Rooster Kills Owner With Knife Taped To Its Leg At Illegal Cockfight

Depending on where you live, you may find it easy to assume that cockfighting is not only illegal everywhere, but has been for as long as you can remember.

However, The Boston Globe reported that there are various nations throughout the world where the sport remains legal and in the case of the Philippines, it's the reason for a massive five-day event that sees 600 matches take place every year.

And it's also worth noting that just because cockfighting is legal in a given country, that doesn't mean it doesn't happen there. As the newspaper further reported, it's still not unheard for police to raid facilities on American soil that host hundreds if not thousands of gamecocks.

So whether it continues as an appeal to tradition or due to the draw of gambling revenues, cockfighting is not a sport that we're likely to see eliminated anytime soon.

And as we'll see in today's story, it not only persists in spite of the severe consequences for the animals involved and the risk of legal repercussions, but also in spite of risks to the safety of the very people holding these events.

Much like in the United States, cockfighting is banned nationwide in India and has been for decades.

But as Al Jazeera reported, that doesn't stop it from becoming common enough in the rural regions of states like Telangana, Andhra Pradesh, Karnataka, and Odisha that the sport is responsible for the deaths of thousands of roosters every year.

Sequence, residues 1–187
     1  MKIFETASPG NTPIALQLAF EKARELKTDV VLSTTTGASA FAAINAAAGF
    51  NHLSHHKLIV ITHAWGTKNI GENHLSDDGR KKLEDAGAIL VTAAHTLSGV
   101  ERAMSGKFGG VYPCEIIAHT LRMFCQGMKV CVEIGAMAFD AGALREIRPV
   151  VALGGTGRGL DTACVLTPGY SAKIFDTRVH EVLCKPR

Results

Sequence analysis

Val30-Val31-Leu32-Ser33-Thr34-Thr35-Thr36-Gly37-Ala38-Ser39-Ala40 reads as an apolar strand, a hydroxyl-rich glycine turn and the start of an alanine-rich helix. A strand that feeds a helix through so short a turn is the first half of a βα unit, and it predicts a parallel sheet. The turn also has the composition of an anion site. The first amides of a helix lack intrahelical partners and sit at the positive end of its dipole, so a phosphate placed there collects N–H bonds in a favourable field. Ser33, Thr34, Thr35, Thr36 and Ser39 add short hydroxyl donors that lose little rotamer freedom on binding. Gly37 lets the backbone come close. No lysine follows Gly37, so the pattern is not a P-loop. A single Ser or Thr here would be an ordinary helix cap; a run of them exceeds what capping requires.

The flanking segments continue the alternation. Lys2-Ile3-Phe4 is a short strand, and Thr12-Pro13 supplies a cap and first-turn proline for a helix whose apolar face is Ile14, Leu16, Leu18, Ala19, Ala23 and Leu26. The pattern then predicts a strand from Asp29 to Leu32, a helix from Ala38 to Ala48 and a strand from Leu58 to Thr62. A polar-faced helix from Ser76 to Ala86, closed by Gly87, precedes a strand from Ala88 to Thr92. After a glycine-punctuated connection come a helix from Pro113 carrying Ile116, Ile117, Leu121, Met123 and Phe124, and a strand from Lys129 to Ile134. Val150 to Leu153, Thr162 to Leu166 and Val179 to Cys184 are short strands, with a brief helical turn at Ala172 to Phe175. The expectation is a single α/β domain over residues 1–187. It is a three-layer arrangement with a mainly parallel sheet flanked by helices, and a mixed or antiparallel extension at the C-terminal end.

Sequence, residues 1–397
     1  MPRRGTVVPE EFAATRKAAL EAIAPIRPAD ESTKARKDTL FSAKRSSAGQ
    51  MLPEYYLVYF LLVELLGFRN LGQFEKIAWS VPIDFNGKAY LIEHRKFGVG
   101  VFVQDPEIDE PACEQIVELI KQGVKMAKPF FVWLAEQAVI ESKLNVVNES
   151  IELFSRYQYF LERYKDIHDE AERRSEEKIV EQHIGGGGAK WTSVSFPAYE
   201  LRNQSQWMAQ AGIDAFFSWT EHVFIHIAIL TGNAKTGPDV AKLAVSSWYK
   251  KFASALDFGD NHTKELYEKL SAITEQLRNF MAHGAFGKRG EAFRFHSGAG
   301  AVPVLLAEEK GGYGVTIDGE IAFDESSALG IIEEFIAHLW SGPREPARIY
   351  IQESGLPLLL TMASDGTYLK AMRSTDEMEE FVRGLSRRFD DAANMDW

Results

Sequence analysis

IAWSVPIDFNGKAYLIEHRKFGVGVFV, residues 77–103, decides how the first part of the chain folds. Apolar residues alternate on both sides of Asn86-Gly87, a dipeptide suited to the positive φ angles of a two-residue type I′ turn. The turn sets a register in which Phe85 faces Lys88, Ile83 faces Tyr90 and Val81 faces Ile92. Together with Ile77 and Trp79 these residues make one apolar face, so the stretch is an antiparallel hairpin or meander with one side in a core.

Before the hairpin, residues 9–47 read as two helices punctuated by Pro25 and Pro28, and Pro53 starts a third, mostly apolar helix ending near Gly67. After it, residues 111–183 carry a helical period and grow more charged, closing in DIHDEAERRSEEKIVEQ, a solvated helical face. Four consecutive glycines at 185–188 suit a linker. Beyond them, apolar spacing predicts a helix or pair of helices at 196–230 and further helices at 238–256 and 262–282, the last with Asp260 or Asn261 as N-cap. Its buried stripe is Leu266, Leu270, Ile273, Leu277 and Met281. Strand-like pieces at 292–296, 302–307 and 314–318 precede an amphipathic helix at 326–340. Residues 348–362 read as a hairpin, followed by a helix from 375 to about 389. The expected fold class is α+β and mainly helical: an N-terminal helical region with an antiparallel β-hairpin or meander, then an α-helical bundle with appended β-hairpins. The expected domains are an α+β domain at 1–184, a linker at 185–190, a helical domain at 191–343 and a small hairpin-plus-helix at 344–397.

And according to The Boston Globe, it's not uncommon for gamecocks to be euthanized after they've been seized because they've been bred and trained for combat and can't be rehabilitated.

At certain cockfights, it's not uncommon for breeders and owners to tape blades like the one we see here to their rooster's leg to give it an advantage in the fight.

And as KLFY reported, a 45-year-old did exactly that with a three-inch knife during a cockfight held at Lothunur, a village in the Karimnagar region of Telangana.

But after he did so, the bird would end up flailing in panic.

During this flailing, its owner who has since been identified as Thangulla Satish received a cut on his groin that quickly bled out.

And according to Al Jazeera, Satish bled out so quickly that he died before he could reach a hospital in the region.

As he was one of 16 people responsible for organizing the event, police are now searching for the other 15.

As for the rooster, it is now living on a poultry farm after police officers briefly kept it at their station.

As an officer named B. Jeevan told Al Jazeera, "We may need to produce it before the court."

It remains unclear what fate will befall the bird after the case against the other cockfight organizers is resolved.

Should they be apprehended, the other 15 organizers could face charges of manslaughter, illegal betting, and hosting a cockfight.

According to Al Jazeera, this doesn't mark the first instance of a cockfight participant being killed by their own bird.

One man in West Bengal died when the blade on his gamecock's leg severed his jugular vein in 2010 and another man in Andhra Pradesh died under similar circumstances last year.

h/t: The Boston Globe, Al Jazeera

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